Hooded Warbler
Ecoregional Scale Conservation Planning

Made possible through a partnership with the National Wetlands Research Center

Worm-eating Warbler (Helmitheros vermivorus)
The worm-eating warbler breeds on the forested slopes of the eastern deciduous forest. It is notably absent from the Mississippi floodplain and the relatively flat forest-prairie ecotone immediately east of the Great Plains. Its preference for rugged terrain and its high-pitched insect-like song result in underestimations of its density from roadside surveys. Therefore, it is not surprising no credible trends are evident from BBS data for this species Table 005 (Table 005) . Nevertheless, the species is a Bird of Conservation Concern in both BCRs. However, PIF designates the worm-eating warbler as a management attention priority in the CH (regional combined score = 18) but only a planning and responsibility species in the WGCP (regional combined score = 15; Table 001 Table 001) .
Relative abundance of Worm-eating Warbler, derived from Breeding Bird Survey data, 1994 - 2003.
image courtesy of www.whatbird.com

Natural History:
The worm-eating warbler is a Neotropical migrant that breeds in forest interiors of the eastern United States (Hanners and Patton 1998). Minimum area requirements range from 21 ha in the mid-Atlantic (Robbins and others 1989) to >800 ha in Missouri (Wenny and others 1993). Worm-eating warblers nest on the ground along moderate to steep slopes (≥20º) containing dense (≥48 percent) shrub understories in mature deciduous and mixed deciduous-coniferous forests (Gale and others 1997). Both Artman and others (2001) and Blake (2005) found worm-eating warblers less abundant in recently burned stands due to the loss of leaf litter, a preferred nesting and foraging substrate. Canopy closure exceeded 95 percent in both Missouri (Wenny and others 1993) and Connecticut (Gale and others 1997).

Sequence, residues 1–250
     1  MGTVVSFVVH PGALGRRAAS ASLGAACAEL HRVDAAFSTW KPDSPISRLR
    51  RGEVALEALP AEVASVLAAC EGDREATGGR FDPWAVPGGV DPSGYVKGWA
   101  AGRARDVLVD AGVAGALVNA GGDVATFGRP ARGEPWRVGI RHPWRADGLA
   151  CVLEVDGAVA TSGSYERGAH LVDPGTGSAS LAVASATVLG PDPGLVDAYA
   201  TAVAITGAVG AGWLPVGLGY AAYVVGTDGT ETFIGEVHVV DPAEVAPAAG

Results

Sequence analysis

Model Description:

The model for worm-eating warbler habitat suitability contains six parameters:

  • landform
  • landcover
  • successional age class
  • forest patch size
  • percent forest in the landscape, slope
  • small (<2.5 cm d.b.h.) stem density

The first suitability function combines landform, landcover, and successional age class into a single matrix (SI1) that defines unique combinations of these classes Table 147 (Table 147) . We directly assigned habitat suitability scores to these combinations based on habitat associations reported in Hamel (1992)

We included slope (SI2) in our model because of the prevalence of steep slopes in the territories of worm-eating warblers. We defined slope classes based on data from Gale and others (1997) who identified the relative preference of various slopes for worm-eating warblers Table 148 (Table 148) .

We also included forest patch size (SI3) as a model parameter to account for the preference of worm-eating warblers for forest interiors. We fit a logistic function Figure 089 (Figure 089) to data from Robbins and others (1989) to quantify the relationship between forest patch size and habitat suitability Table 149 (Table 149) . The suitability of a forest patch is influenced not only by its size, though, but also its landscape context (SI4). In predominantly forested landscapes, small forest patch sizes not otherwise suitable may be used due to their proximity to a large forest block (Rosenberg and others 1999). We built a logistic function Figure 090 (Figure 090) based on the assumptions that landscapes with <30 percent forest were poor habitat (suitability index score ≤ 0.100) and landscapes with >70 percent forest were excellent habitat (suitability index score ≥ 0.900; Table 150 Table 150) . The maximum suitability index score of either SI3 or SI4 was assigned to each site to account for the higher suitability of small forest patches in heavily forested landscapes.

We relied on data from Wenny and others (1993) and Annand and Thompson (1997; Table 151 Table 151) to quantify the relationship between habitat suitability scores and small stem density (SI5; Figure 091 Figure 091) . We assumed worm-eating warblers occurred in forests with low stem densities, but these habitats had lower suitability scores than sites with well-developed understories characterized by dense stems.

To calculate the overall suitability index score, we determined the geometric mean of SI scores for forest structure (SI1 and SI5) and landscape composition (Max(SI2,SI3) and SI4) separately and then the geometric mean of these means together.

Overall SI = ((SI1 * SI5)0.500 * (Max(SI2, SI3) * SI4)0.500)0.500